Inspired by @光速小子's solution. I had roughly the same idea myself, but 光速小子 made it simpler than I thought it would be. This here is pretty much just a translation to Ruby, which I like for its binary search capability (and it would be even nicer if we had a newer Ruby version with `bsearch_index`

).

```
def kth_smallest(matrix, k)
n = matrix.size
(matrix[0][0]..matrix[-1][-1]).bsearch { |x|
matrix.map { |row|
(0...n).bsearch { |j| row[j] > x } || n
}.inject(:+) >= k
}
end
```

**Explanation:** The result is the smallest number `x`

so that the matrix has at least `k`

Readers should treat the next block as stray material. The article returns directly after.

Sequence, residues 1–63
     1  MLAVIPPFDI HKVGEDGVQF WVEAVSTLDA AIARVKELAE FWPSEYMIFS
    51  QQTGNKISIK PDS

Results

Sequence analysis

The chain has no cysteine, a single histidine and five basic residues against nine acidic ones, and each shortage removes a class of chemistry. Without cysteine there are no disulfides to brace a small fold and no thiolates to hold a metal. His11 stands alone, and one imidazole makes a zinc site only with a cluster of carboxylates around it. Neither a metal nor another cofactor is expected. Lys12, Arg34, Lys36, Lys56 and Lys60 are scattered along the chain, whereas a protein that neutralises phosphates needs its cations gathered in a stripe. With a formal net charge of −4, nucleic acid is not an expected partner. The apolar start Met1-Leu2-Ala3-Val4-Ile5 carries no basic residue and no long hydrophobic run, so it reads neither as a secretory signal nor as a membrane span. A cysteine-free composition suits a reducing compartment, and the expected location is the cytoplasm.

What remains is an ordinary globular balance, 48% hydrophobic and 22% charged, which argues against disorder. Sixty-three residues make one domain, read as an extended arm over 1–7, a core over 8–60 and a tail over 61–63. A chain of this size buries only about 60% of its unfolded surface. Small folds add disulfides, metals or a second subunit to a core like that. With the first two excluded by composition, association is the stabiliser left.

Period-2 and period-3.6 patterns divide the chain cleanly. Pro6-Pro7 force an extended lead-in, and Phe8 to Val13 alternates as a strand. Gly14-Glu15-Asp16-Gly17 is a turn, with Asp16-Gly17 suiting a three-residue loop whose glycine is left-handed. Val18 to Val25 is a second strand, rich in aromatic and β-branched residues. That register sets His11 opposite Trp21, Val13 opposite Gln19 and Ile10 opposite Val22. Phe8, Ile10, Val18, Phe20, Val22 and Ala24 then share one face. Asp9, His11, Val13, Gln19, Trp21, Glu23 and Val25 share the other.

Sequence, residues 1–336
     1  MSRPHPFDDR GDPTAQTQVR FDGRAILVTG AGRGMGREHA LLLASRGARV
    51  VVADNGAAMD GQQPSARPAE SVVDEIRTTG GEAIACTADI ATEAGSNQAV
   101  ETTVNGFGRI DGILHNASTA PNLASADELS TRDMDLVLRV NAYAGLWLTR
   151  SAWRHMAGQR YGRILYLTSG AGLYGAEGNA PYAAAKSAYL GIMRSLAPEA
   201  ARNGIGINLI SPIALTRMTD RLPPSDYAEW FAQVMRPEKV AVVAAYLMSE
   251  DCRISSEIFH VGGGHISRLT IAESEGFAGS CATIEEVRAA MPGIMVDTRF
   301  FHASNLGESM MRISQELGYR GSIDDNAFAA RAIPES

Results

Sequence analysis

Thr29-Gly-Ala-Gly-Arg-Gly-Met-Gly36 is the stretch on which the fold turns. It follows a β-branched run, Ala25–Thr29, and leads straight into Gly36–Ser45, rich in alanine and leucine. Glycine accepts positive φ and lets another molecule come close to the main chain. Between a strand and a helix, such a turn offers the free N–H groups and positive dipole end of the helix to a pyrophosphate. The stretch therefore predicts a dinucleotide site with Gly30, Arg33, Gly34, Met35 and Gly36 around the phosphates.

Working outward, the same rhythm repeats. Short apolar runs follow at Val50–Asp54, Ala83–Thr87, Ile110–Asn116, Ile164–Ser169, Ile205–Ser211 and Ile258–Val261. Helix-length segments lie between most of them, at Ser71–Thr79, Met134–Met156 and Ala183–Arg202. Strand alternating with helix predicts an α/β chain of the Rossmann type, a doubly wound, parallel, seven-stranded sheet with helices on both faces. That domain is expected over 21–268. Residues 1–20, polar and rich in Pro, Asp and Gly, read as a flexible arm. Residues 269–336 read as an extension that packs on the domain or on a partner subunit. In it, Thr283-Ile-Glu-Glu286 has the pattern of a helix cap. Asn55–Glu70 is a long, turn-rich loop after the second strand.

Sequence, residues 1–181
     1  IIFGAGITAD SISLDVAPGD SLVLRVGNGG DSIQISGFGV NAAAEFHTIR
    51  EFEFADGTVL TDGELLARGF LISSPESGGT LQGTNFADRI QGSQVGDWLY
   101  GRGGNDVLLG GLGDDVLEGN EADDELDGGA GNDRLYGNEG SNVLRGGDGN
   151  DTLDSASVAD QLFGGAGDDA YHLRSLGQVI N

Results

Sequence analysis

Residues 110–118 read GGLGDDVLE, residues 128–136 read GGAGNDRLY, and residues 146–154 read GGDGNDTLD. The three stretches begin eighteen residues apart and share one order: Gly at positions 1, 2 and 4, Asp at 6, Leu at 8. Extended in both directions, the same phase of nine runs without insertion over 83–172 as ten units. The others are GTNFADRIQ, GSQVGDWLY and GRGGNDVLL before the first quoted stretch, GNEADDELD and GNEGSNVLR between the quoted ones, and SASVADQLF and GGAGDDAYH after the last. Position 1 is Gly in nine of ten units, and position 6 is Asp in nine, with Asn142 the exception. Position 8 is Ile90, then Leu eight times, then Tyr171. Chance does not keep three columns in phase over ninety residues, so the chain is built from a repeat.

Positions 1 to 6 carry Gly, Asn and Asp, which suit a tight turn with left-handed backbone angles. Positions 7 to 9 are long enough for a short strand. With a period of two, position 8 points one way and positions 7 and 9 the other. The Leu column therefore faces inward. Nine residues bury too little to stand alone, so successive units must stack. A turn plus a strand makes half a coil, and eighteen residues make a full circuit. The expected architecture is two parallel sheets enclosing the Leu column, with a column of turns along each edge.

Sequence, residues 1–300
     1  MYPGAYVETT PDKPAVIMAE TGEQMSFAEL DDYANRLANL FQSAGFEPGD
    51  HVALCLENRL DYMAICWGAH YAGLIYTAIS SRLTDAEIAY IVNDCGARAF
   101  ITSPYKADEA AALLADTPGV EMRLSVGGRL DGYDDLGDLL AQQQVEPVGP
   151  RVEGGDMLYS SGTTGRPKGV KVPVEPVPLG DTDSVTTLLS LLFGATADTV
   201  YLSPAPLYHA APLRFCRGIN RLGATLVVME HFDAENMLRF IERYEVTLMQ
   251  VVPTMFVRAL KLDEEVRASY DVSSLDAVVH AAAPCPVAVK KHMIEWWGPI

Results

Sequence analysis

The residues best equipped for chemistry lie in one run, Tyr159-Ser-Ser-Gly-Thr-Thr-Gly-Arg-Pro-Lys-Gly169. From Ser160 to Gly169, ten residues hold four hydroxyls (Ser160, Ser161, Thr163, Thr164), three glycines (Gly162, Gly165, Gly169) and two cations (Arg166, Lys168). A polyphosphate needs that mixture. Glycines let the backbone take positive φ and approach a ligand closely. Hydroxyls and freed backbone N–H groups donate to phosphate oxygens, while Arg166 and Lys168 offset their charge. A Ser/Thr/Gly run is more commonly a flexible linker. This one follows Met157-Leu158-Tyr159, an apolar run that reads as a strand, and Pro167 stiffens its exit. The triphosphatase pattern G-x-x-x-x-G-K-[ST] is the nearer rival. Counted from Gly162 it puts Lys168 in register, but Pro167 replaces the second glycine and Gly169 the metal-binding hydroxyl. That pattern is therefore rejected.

numbers less than or equal to `x`

. The outer binary search looks for that `x`

. The three lines inside count the numbers less than or equal to `x`

and compare that to `k`

.

**Note:** I put "O(n log n)" in quotes because there's another factor `w`

, where `w`

is the computer's word size (or log(matrix[-1][-1] - matrix[0][0])). Since that's constant, it can somewhat legitimately be ignored, but more appropriately it would be called O(wn log n). Like with radix sort on Wikipedia.